difference between Nurse Anesthetist and anesthesiologist - page 5

is a anesthesiologist the same as a nurse anesthetist? Just wondering although I am not yet even a pre-nursing student because in my life I have had four surgeries and may, in the near future,... Read More

  1. by   yoga crna
    Any discussion about CRNA income MUST be based upon the value of administering anesthesia. If you have a problem with this, look at the pharmacology of the drugs we use and the short safety:risk ratio. What is the VALUE of administering anesthesia for a c-section where both the mother and fetus are at risk. We are paid for our education, skills, experience, ability to put our patients to sleep and wake them up safely. All of that in an environment where we have little control, play second fiddle to the surgeon, put up with less than professional helpers, in a cold noisy operating room. Our patients are frequently non-compliant as far as maintaining their own health, underestimate what it is we do and complain if they have the slightest complication, such as a sore throat.

    Despite all of that, we love our work, wouldn't do anything else, are happy that we left mainstream nursing and are very proud of our profession.

    Also, basic economics plays a role in our income. Demand for anesthesia services is greater than ever and will continue as long as there are people who need surgery, have babies, drive motor vehicles, get old, have pain, etc. etc.

    If you value anesthesia, there should be no discussion on the reimbursement for the service.

    Yoga
    Last edit by yoga crna on May 9, '05
  2. by   mrdoc2005
    My two cents:
    There is nothing wrong with saying I worked very hard, went to school (while my friends played and bragged about their new 30K car while I had a piece of crap) and now I am being rewarded because of all of this.

    In short, no manner what you do there is nothing wrong in saying money played a factor in my choice. However, those that do things only for money will learn to hate what they do and in most cases quit.


    Quote from sonessrna
    Well, if the docs aren[t in it for the money why do I see posts on SDN that ask questions referring to how much money can be made in gas, which residencies are the easiest with the most money, how gas is better paid than some other specialties? In addition, I frequently hear physicians talking about their houses,cars, etc...sometimes CRNAs as well...but the comment ab out
    $300,000 just solidivfied my opinions that many MDAs are in it for the money.
  3. by   deepz
    Quote from mrdoc2005
    ......no manner what you do there is nothing wrong in saying money played a factor in my choice. ........

    "If you're not a socialist at 20, you have no heart. If not a capitalist at 40, you have no head." --- Anonymous

    !
  4. by   Lambert5883
    Quote from deepz
    "If you're not a socialist at 20, you have no heart. If not a capitalist at 40, you have no head." --- Anonymous
    !
    Why are we even talking about one's motivation behind pursuing a certain line of work. It's funny. The original OP is probably saying, "man those people are strange! All I wanted to know is what the difference is!"

    Hey deepz, are you in Denver? Do you know Will Maclevane? Worked alot with Dr. Rothenburg in peds.
  5. by   Laughing Gas
    Quote from ramiro_ac
    and md's donate 100k b/c obviously they arent in it for the money either... :chuckle
    Not sure where you're going with this one.
  6. by   Ventjock
    .......
    Last edit by Ventjock on Feb 12, '08 : Reason: im blank
  7. by   Laughing Gas
    Quote from ramiro_ac
    i was being sarcastic...just as that poster wrote that CRNA's should donate anything over 45K to a charity so should the docs...b/c everyones in this profession just for the work...MONEY is a factor, no matter what anybody says, shouldnt be the biggest factor but it is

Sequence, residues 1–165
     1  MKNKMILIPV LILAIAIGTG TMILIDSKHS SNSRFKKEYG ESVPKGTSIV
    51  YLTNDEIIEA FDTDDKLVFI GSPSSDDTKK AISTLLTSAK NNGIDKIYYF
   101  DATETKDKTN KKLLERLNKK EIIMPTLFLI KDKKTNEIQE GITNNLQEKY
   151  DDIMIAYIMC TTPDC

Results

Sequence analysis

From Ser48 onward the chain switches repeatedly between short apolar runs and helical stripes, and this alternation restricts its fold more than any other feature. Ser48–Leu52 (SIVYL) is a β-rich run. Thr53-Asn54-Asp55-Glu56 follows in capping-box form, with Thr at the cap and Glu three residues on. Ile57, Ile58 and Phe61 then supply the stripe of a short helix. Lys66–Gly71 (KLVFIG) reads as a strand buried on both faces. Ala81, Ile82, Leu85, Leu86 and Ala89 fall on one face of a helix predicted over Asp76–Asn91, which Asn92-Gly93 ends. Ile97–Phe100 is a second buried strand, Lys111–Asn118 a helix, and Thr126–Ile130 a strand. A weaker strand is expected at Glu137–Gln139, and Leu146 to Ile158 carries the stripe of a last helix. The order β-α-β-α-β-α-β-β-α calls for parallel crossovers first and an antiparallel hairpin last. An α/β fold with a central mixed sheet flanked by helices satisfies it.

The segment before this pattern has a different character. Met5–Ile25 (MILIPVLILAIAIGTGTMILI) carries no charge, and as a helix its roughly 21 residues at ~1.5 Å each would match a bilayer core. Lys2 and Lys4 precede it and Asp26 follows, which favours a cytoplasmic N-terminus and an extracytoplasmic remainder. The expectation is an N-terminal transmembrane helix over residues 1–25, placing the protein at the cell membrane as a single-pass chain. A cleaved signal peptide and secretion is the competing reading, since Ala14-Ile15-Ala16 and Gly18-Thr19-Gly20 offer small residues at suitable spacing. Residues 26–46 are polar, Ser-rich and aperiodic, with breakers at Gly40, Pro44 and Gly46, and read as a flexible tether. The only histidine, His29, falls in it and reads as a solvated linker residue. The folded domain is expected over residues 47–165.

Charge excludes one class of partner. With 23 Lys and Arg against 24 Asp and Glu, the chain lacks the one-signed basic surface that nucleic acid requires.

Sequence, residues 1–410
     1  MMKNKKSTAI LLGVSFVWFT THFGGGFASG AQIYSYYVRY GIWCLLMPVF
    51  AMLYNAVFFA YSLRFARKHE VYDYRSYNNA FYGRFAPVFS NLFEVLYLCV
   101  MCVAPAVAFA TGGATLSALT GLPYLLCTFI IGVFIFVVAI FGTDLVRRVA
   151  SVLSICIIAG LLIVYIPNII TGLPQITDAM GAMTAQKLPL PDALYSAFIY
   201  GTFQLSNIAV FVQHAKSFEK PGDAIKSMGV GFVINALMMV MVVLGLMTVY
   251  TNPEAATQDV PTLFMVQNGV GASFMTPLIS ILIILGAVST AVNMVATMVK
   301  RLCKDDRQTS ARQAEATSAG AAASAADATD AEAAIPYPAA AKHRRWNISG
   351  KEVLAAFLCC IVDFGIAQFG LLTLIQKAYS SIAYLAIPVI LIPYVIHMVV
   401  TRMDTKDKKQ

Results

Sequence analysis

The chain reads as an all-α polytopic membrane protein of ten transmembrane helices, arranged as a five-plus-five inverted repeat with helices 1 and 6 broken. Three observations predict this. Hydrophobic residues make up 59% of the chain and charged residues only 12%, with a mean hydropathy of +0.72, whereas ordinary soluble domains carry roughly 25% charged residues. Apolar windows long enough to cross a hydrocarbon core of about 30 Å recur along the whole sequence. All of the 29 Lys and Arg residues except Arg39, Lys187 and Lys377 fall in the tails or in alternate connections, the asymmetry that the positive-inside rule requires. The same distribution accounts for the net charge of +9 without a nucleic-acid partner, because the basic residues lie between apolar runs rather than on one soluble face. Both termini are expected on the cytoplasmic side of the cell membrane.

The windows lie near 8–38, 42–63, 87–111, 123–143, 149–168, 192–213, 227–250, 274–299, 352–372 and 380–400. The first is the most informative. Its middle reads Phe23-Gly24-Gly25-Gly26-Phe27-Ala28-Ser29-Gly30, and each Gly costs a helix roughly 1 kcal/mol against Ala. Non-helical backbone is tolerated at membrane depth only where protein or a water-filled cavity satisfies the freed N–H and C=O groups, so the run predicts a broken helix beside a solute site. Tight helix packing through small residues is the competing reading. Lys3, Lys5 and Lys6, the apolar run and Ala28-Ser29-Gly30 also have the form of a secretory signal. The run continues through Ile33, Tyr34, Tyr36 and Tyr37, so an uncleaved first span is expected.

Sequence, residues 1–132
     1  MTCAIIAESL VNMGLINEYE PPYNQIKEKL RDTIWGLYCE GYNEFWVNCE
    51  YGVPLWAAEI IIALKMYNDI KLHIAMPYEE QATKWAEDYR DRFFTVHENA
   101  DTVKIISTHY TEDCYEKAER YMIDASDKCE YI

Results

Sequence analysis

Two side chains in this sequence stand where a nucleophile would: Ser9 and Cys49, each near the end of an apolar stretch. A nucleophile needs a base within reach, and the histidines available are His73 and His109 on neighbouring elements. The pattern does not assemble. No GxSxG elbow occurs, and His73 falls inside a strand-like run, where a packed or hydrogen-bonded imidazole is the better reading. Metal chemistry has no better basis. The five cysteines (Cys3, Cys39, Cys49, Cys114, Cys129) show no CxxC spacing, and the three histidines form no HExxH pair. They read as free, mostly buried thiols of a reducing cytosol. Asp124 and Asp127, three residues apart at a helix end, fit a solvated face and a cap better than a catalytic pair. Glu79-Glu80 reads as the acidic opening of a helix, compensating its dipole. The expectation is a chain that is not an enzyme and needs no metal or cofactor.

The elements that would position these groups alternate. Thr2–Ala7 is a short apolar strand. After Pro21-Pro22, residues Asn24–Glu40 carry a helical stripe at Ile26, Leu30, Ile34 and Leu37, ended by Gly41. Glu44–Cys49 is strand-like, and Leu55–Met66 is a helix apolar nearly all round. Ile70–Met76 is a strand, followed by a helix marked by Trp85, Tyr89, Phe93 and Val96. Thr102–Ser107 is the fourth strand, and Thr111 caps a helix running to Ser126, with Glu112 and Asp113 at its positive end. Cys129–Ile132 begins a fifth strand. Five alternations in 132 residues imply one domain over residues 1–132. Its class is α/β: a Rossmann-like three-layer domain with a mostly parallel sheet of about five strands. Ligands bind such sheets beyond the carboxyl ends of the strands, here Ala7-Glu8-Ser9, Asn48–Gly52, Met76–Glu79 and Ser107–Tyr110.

for ex. when dating someone, we first the outside. thats what attracts us AT FIRST. (ahem money) then once you get deeper into knowing the person (THE WORK) then you see if you like them or not. there are some beautiful people out there (LOTS OF CASH) who are the ugliest on the inside (TERRIBLE WORK)...and vice versa....like um paramedics, teachers, NURSES, social workers, etc.
    For whom is the biggest factor money? You seem to have given yourself the ability to assess motive that addresses thousands of professionals.

    As for your dating/salary scenario, I am still not clear on your intention. Maybe it is your inconsistent use of punctuation and capital letters that makes understanding you difficult. Then I re-read your post a couple of times and have come to the realization that there is no discernable point.

    You seem to be passionate, but I am not sure what you are passionate about. If you do have some insightful knowledge, please quit hiding it. Let us know how you have come to such a deep understanding of nursing, anesthesia and economics.
  8. by   jewelcutt
    This thread is getting really confusing. Here's a question, Why is it when everyone is comparing CRNA education they say we have only six years. Do we sit on our a** for 2-5 years in a busy intensive care unit, learning entirely nothing, making the same money as residents do? Oh, so our work as the most autonomous nurses in the hospital, saving lives often without docs around doesn't count for sh**! Like we sit around on nights for the brand new first year OB rotating resident to come to our rescue to help us save our patients and make our decisions for us. I respect all of the residents and doctors I've worked with, but I'm getting real tired of hearing people say we only go through 6 years because we all learn through both education and experience. Personally I have 3 yrs of a science degree, 4 yrs to a BSN, 3 yrs ICU, 2 1/2 yrs Anesthesia school, it doesn't quite add up to 6 yrs. You will also find that most students in anesthesia school have far more than 1-2 years of ICU experience and they often take additional science courses on the side to get into school. For god sakes, give us some credit. And to all of you non-nurses out there, shut up with your menial comments about nursing. You have no idea how hard of a job it is with little respect given and very little compensation. Nurses are with patients ALL THE TIME, nobody cares for their patients as much as nurses do. You should all be so lucky to have a nurse take care of you. These statements aren't meant for everyone, just those that spout opinions without any background knowledge or base their opinions on one-time experiences. Going to bed now, sorry